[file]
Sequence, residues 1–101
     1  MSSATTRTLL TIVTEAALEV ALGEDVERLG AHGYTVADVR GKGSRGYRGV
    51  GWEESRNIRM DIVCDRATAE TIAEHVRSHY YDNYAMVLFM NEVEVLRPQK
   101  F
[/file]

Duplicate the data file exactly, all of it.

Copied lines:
Sequence, residues 1–101
     1  MSSATTRTLL TIVTEAALEV ALGEDVERLG AHGYTVADVR GKGSRGYRGV
    51  GWEESRNIRM DIVCDRATAE TIAEHVRSHY YDNYAMVLFM NEVEVLRPQK
   101  F